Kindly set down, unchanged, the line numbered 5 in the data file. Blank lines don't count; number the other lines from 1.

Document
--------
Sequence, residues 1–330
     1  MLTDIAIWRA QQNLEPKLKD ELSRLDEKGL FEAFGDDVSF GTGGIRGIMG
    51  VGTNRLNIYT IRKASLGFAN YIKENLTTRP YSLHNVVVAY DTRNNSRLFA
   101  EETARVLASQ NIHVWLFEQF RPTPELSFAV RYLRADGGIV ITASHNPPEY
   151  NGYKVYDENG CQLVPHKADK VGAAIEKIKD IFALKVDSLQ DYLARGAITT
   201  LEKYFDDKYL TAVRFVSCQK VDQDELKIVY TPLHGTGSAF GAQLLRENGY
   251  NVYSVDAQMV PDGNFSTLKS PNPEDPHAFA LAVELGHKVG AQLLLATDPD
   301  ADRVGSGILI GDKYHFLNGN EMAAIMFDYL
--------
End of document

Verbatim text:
   151  NGYKVYDENG CQLVPHKADK VGAAIEKIKD IFALKVDSLQ DYLARGAITT